The True Definition of a Family-Owned and Operated Company

The True Definition of a Family-Owned and Operated Company

banner image.jpgRespect for the chain of command—and for one another—is essential for franchise owners who work alongside their relatives.  

The complexities of business aren’t limited to customer invoices and marketing promotions.

 A fresh layer of challenges often arises when relatives own or work in the company. Family-owned and -operated organizations include overlapping systems: the family and the business.

 According to Dr. Sofia Laurden Davis, author of Qualitative Study for Family Member Employees in Family-Owned and Operated Organizations, each system holds different values, norms, interests and structures. The intimate connections often bring tension. One cannot change without affecting the other, Davis says.

 Though disagreements are unavoidable, the opportunity to leave a legacy is appealing to many entrepreneurs who work with loved ones. It’s a common way of doing business, as franchises generate more than $2.1 trillion to the U.S. economy.

RELATED: 3 Tips for Keeping Your Franchise in the Family

 Rick Coffey is a lifelong franchisor and owner of Barkefellers, a luxury pet hotel and grooming spa. He says franchise owners can earn steady income after retirement and leave “a legacy for your children and their children.” Another benefit, Coffey says, is the thrill “to see your business grow beyond your reach.”

The local love

Most family businesses gain traction because they become well-known in their community and develop loyal customers, Coffey says.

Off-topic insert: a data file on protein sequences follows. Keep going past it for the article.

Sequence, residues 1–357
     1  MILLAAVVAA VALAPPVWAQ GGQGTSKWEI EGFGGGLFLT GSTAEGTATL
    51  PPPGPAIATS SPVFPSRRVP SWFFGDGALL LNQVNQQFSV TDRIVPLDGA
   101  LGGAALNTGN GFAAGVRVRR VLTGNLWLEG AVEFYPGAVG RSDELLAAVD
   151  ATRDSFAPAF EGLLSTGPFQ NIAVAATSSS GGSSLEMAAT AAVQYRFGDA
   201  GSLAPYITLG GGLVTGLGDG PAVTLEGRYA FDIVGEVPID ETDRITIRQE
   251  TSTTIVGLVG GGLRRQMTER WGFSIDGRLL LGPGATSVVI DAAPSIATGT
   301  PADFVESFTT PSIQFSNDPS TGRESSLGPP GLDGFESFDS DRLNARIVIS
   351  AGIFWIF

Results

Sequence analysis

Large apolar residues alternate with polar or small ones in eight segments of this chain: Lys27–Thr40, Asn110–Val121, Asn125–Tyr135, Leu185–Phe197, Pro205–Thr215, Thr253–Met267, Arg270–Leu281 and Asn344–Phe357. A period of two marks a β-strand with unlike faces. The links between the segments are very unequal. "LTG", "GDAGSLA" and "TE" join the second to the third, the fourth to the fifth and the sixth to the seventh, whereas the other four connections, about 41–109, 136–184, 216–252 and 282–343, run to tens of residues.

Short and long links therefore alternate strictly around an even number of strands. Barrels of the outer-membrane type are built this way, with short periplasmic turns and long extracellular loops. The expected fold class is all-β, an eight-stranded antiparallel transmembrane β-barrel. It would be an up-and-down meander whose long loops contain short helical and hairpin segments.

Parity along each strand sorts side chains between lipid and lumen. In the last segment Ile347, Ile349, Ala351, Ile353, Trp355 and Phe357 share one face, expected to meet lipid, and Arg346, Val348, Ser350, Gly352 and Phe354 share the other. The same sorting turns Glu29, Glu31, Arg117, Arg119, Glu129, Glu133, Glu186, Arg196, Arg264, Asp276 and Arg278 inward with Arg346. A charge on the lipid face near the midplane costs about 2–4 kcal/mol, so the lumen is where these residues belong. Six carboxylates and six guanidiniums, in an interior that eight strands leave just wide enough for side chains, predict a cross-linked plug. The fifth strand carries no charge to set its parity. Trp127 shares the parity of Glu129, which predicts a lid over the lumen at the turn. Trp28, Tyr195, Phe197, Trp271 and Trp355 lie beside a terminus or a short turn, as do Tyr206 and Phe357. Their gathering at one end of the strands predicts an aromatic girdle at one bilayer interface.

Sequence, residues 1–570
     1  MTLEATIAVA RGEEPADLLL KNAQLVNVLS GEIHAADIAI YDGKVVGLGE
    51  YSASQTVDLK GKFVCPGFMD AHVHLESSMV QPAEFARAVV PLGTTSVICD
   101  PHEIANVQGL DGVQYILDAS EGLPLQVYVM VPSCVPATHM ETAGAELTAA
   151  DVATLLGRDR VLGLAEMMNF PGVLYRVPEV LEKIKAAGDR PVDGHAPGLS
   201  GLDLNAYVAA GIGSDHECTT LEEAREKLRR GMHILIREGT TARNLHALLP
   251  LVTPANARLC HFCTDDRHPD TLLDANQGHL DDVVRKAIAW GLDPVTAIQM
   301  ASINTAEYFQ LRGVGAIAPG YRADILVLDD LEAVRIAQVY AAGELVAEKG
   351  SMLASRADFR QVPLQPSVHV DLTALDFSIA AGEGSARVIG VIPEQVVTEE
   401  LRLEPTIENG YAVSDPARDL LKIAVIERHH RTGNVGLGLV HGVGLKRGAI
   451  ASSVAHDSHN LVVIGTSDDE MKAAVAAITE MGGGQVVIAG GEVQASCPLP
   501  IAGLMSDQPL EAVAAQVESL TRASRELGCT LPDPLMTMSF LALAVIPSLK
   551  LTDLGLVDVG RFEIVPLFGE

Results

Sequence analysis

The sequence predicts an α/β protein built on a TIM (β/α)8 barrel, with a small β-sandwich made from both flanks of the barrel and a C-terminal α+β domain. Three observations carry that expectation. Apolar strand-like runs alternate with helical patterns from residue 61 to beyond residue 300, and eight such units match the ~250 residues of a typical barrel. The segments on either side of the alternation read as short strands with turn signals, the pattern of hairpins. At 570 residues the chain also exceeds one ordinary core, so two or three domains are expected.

These days, consumer buying habits reveal that a growing number of young adults support locally owned shops because they:

  • Favor smaller niche brands
  • Dislike big-box retailers that may not offer personalized customer service
  • Support entrepreneurially minded thinkers and doers

Consumer loyalty may be vital for success. Still, trust and exceptional communication among loved ones in business are essential, and loyalty and a dedication are crucial for the internal team, Coffey says.

“It’s important to consider whether all involved family members have a good work ethic and share similar expectations,” he says. Everybody has to be on board and committed to helping the business expand.

One myth around family-run businesses is that they aren’t suitable for franchises. Ed Doherty, owner of Doherty Enterprises in New Jersey, might disagree. He and his two grown children own 60 Applebee's locations, 25 Paneras, three Chevy's Fresh Mex outlets and several other restaurants. A post on Franchising.com says Doherty Enterprises is one of the 20 largest franchisee operations in the country.

Generations of relatives in a family-run business can be a terrific resource, too. Sons and daughters offer a unique perspective, along with a youthful vitality and energy, says Doherty. “They typically have a better understanding of the needs and wants of a younger generation.  

Another benefit of family franchising is that Doherty enjoys sharing his business philosophy with his daughter and son.

First though, parameters and boundaries had to be established, Doherty says. His children had to work for another employer right after college. They needed outside work experience before joining the family business.

Dwyer Group is home to many family owned and operated franchises.  Through our thoughtful succession planning, there have been parents who have sold their businesses to their kids to carry on the legacy of the business, or to nieces and nephews or siblings.  Brother/sister teams work together, and one brand location boasts three generations in one office.   

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